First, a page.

A male leader in the church generally; an ecclesiastical and priesthood office or one holding that office; a proselytizing missionary. The Book of Mormon explained that elders ordained priests and teachers and administered “the flesh and blood of Christ unto...

View Glossary
, or high priests

An ecclesiastical and priesthood office. Christ and many ancient prophets, including Abraham, were described as being high priests. The Book of Mormon used the term high priest to denote one appointed to lead the church. However, the Book of Mormon also discussed...

View Glossary
, such as he shall or has appointed and set apart for that purpose.
And it shall come to pass, that after they are laid before the bishop of my church, and after that he has received these testimonies concerning the consecration of the properties of my church, that they cannot be taken from the church, agreeably to my commandments, every man shall be made accountable unto me, a steward over his own property, or that which he has received by consecration, in as much as is sufficient for himself and family.
And again, if their shall be properties in the hands of the church, or any individuals of it, more than is necessary for their support, after this first consecration, which is a residue, to be consecrated unto the bishop, it [p. 30]
who suffer the wrath of God on the  earth: these are they who suffer the  vengeance of eternal fire: these are  they who are cast down to hell and  suffer the wrath of Almighty God until  the fulness of times, when Christ shall  have subdued all enemies under his  feet, and shall have perfected his work,  when he shall deliver up the kingdom  and present it unto the Father spotless,  saying: I have overcome and have  trodden the winepress alone, even the  wine-press of the fierceness of the  wrath of Almighty God: then shall he  be crowned with the crown of his glo ry, to sit on the throne of his power to  reign forever and ever. But hehold  and lo, we saw the glory and the in habitants of the telestial

The lowest of three kingdoms, or degrees, of glory in the afterlife; symbolically represented by the stars. According to JS and Sidney Rigdon’s account of a 16 February 1832 vision, those “who received not the gospel of Christ, neither the testimony of Jesus...

View Glossary
world, that  they were as innumerable as the stars  in the firmament of heaven, or as the  sand upon the sea shore, and heard  the voice of the Lord saying: These  all shall bow the knee, and every  tongue shall confess to him who sits  upon the throne forever and ever: for  they shall be judged according to their  works; and every man shall receive  according to his own works, and his  own dominion, in the mansions which  are prepared, and they shall be ser vants of the most High, but where God  and Christ dwell they cannot come,  worlds without end. This is the end  of the vision which we saw, which we  were commanded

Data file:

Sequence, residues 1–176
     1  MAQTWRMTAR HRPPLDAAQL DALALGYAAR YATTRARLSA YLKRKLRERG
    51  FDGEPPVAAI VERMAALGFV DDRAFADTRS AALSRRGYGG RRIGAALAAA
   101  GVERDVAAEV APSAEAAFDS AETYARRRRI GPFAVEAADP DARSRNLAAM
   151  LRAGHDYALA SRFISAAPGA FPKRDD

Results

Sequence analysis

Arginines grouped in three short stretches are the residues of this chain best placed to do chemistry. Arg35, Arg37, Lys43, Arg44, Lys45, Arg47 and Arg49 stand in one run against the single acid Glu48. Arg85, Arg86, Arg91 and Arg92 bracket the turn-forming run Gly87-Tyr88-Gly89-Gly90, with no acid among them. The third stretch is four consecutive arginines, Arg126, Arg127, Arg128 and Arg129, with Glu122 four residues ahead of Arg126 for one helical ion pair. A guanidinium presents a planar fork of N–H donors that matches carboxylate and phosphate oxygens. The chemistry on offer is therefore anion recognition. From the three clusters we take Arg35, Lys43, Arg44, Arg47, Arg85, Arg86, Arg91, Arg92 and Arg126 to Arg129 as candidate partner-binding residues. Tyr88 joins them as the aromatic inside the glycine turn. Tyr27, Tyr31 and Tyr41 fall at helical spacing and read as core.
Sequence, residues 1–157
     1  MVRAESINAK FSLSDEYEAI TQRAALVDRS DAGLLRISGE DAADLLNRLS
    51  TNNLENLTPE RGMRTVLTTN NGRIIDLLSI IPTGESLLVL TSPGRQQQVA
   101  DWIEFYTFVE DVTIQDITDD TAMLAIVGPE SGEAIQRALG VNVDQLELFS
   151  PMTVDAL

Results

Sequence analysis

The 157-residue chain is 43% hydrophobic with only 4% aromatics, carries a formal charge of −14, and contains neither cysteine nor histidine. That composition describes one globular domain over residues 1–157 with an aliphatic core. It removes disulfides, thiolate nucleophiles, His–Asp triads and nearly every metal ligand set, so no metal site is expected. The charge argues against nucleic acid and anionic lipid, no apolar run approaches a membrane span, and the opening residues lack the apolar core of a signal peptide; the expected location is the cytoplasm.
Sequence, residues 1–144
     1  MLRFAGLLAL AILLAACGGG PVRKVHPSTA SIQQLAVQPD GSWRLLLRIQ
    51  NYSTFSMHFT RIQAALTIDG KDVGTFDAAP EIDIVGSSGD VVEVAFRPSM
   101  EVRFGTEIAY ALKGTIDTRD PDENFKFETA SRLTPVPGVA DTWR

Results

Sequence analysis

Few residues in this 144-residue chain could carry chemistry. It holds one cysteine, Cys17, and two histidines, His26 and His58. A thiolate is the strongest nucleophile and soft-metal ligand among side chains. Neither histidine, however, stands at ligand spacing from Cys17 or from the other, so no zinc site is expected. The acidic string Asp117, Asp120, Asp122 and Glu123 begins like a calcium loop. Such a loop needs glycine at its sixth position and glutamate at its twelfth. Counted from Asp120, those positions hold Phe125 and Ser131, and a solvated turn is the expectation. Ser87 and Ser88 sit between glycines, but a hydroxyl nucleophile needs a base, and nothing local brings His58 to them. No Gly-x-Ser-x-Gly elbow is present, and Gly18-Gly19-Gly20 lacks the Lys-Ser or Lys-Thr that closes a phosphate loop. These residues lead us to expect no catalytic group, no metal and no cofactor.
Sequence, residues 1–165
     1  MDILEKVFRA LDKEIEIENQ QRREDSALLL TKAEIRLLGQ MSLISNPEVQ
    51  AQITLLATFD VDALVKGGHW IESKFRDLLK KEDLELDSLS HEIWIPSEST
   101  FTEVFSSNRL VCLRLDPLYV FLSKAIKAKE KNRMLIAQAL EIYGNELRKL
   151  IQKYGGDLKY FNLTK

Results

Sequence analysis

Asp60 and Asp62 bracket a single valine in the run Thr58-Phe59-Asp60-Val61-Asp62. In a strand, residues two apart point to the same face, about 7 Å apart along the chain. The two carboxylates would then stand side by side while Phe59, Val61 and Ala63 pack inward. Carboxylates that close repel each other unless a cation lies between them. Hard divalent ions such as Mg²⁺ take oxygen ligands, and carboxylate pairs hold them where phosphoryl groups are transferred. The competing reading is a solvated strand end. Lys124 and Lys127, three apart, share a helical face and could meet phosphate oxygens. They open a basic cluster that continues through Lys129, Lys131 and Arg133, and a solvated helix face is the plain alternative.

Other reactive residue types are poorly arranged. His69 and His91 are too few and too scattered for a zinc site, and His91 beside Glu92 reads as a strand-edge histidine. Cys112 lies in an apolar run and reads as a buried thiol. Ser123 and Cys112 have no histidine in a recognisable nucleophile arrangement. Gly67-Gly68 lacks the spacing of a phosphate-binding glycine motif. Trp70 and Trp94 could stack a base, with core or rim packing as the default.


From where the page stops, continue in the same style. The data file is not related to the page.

Generally, a divine mandate that church members were expected to obey; more specifically, a text dictated by JS in the first-person voice of Deity that served to communicate knowledge and instruction to JS and his followers. Occasionally, other inspired texts...

View Glossary
to write while we  were yet in the Spirit.
But great and marvelous are the  works of the Lord and the mysteries  of his kingdom which he showed unto  us, which surpases all understanding  in glory, and in might, and in domin ion, which he commanded us we should  not write, while we were yet in the  Spirit and are not lawful for man to  utter; neither is man capable to make  them known, for they are only to be  seen and understood by the power of  the Holy Spirit, which God bestows  on those who love him and purify  themselves before him; to whom he  grants this privilege of seeing and  knowing for themselves; that through  the power and manifestation of the  Spirit, while in the flesh, they may be  able to bear his presence in the world  of glory. And to God and the Lamb  be glory, and honor, and dominion for ever and ever. Amen.

Revelation, 9 and 23 February 1831, excerpt [D&C 42:12–77]